When the International Labor Organization (ILO) released its annual world employment outlook last week, the data showed something remarkable—almost no one was jobless in Cambodia last year.
With unemployment at only 0.5 percent of the workforce in 2015, Cambodia had fared better than France (at 10.6 percent), the U.S. (5.3 percent), China (4.6 percent) and far better than the global average (5.8 percent).
In fact, of the 189 countries ranked by the ILO in 2015, Cambodia came in second only to Qatar (at 0.2 percent) in the race for the world’s lowest unemployment rate. Neighboring Thailand came third at 1.1 percent.
Not one to waste an opportunity to promote good news, Labor Minister Ith Sam Heng described the astonishingly low unemployment as “Cambodia’s pride,” according to state news outlet Agence Kampuchea Presse.
“Ith Samheng attributed this achievement to the Royal Government of Cambodia (RGC)’s efforts in improving work conditions and bettering people’s living standard,” read a report published on Wednesday.
“Besides, the RGC always pays attention to the promotion of investments in Cambodia in order to create work opportunities for people,” it said.
Yet beneath the impressive statistic lies a harsher reality of widespread near-unemployment, masked by the ILO’s methodology: Anyone who works just one hour a week is considered employed.
“The employed include people aged 15 and over who, during the reference week worked for one hour or more for pay, profit, commission or payment in kind, in a job or business or on a farm,” notes a 2013 ILO working paper on its methodology.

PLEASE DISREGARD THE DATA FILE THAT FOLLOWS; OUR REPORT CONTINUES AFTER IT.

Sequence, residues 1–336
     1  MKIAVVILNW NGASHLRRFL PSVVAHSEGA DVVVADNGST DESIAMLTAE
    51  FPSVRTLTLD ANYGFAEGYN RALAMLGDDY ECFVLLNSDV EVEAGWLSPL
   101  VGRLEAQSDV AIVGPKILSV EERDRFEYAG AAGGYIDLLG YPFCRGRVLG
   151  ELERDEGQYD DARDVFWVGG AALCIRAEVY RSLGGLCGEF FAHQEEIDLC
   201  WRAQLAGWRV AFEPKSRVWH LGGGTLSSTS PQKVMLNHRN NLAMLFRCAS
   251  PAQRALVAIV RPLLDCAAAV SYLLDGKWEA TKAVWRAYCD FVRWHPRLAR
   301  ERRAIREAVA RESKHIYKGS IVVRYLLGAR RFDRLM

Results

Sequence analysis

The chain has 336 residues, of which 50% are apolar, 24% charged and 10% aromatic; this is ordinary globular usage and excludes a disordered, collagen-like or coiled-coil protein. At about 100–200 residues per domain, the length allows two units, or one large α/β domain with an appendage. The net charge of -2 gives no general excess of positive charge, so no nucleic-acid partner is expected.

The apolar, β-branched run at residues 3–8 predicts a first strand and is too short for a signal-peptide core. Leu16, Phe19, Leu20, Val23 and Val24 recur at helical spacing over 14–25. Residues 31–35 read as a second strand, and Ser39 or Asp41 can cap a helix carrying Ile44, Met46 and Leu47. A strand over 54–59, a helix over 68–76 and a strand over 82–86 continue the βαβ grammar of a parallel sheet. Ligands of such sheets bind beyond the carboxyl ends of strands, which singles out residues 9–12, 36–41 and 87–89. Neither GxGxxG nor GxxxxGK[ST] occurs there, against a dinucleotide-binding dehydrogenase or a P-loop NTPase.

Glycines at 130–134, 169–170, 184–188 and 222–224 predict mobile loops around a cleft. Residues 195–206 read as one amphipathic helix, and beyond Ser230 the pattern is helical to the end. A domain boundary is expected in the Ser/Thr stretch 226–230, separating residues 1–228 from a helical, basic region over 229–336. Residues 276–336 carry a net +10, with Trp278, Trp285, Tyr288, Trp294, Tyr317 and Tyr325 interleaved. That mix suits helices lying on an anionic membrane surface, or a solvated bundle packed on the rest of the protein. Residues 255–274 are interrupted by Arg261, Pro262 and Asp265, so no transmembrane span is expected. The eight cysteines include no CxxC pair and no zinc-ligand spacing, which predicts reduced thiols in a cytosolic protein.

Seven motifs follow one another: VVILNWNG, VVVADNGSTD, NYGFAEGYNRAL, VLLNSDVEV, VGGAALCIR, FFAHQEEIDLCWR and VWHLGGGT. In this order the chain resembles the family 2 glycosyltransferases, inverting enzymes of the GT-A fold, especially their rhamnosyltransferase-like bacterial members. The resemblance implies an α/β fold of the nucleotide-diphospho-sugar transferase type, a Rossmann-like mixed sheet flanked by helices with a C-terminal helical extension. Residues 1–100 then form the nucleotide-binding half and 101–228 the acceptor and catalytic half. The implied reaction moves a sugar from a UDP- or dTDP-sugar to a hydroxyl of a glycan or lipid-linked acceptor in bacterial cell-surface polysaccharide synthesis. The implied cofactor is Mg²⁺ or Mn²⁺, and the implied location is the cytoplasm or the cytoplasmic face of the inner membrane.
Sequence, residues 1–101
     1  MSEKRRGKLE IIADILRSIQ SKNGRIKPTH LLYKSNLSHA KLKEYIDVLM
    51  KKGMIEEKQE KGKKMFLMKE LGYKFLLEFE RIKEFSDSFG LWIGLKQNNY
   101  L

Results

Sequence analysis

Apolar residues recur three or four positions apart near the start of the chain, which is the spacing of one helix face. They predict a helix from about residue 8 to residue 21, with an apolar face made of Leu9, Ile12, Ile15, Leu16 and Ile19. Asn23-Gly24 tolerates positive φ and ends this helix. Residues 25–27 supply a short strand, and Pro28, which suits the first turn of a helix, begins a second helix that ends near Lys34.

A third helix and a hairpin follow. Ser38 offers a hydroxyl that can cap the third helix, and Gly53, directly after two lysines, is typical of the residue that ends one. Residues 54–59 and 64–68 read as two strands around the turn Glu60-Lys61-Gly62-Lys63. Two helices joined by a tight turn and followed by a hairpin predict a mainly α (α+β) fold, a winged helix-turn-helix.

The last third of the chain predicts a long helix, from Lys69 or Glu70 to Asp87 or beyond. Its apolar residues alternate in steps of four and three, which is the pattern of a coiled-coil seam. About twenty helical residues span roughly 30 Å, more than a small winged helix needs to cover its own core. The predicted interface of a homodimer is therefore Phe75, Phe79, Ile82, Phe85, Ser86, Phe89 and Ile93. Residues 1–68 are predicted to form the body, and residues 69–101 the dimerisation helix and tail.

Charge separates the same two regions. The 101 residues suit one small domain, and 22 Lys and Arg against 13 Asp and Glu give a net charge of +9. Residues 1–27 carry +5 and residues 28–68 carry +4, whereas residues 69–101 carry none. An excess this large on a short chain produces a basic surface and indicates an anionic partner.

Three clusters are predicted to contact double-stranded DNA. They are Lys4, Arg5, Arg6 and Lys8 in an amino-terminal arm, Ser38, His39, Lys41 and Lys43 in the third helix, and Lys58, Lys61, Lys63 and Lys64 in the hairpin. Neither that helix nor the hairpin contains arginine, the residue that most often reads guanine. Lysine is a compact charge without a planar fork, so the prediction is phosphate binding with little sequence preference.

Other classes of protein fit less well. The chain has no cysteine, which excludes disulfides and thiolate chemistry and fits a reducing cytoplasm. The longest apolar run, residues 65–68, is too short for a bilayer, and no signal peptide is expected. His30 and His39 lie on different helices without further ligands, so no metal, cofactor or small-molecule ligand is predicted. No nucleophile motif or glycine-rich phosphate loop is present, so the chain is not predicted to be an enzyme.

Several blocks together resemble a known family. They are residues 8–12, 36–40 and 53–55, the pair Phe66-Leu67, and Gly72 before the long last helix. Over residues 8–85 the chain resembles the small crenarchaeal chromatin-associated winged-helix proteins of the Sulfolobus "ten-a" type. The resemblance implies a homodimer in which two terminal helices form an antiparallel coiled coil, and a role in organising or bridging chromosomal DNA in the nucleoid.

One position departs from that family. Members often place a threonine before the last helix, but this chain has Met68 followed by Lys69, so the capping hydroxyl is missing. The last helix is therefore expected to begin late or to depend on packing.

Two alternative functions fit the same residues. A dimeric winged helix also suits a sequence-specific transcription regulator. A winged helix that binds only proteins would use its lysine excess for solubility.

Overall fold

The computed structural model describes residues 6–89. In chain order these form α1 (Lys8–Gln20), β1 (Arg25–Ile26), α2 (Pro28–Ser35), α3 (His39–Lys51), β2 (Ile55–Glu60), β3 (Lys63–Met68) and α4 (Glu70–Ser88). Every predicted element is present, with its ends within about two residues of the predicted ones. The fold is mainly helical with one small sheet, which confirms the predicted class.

If such criteria was not inclusive enough, the paper added that those “who worked for one hour or more without pay in a family business or on a family farm” are also considered “employed” for statistical purposes.
The technique has long been the international norm for calculating unemployment in developed countries, where it has generated figures reflective of job market health. Yet it has produced numbers far less meaningful for countries in the developing world.
“That methodology is misleading because everybody has some kind of garden in the backyard, and if they go and grow some vegetables on their farmland, they will always be considered employed,” said Ou Virak, a trained economist who founded the Future Forum think tank.
“It’s a huge methodological problem also because if you are just helping your family in their mom-and-pop store by replacing your mom so she can go to the market, it doesn’t add much to employment,” he added.
“Helping out your family a few hours a day or week, you would never consider yourself as employed.”
Such a critique of the ILO’s unemployment calculation methods has not been limited to outside critics, with the body itself issuing reports debating how useful its methodologies are for developing countries.
A November 2007 paper issued by the ILO titled “Beyond the Employment/Unemployment Dichotomy: Measuring the Quality of Employment in Low Income Countries” asked how useful is its employment definition for emerging agrarian economies.
“The one-hour criterion…allows for short-time work, casual labour, stand-by work, and other forms of irregular employment that is common particularly in low-income economies,” the working paper said.
“However, being employed for at least one hour in a reference period is not necessarily indicative of gainful employment,” the paper noted. “Ready access to informal employment provides ample opportunity for people to be employed for at least one hour a day.